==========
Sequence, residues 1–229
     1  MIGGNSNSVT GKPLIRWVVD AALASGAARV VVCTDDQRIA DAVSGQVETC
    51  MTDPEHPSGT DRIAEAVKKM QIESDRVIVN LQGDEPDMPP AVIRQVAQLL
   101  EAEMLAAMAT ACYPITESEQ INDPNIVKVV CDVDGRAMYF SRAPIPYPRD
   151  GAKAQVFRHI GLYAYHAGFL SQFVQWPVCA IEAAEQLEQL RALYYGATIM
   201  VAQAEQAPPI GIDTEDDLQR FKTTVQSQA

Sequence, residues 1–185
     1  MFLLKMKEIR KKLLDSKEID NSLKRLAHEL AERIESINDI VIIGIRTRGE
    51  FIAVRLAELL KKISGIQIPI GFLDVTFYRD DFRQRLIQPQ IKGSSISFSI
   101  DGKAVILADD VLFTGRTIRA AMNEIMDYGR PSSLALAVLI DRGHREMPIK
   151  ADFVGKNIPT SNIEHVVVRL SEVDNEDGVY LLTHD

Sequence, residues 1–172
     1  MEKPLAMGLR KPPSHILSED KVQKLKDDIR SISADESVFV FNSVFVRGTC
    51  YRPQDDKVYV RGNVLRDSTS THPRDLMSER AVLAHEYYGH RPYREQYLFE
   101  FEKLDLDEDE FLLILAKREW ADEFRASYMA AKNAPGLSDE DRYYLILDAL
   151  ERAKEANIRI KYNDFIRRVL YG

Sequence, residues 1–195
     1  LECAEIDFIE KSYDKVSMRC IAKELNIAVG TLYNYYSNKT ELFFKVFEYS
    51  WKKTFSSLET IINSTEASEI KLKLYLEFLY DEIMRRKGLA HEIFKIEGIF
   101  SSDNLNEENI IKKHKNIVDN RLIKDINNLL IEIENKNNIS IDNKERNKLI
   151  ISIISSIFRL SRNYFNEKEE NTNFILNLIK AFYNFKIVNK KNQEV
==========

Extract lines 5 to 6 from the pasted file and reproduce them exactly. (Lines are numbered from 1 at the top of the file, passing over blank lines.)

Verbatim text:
   151  GAKAQVFRHI GLYAYHAGFL SQFVQWPVCA IEAAEQLEQL RALYYGATIM
   201  VAQAEQAPPI GIDTEDDLQR FKTTVQSQA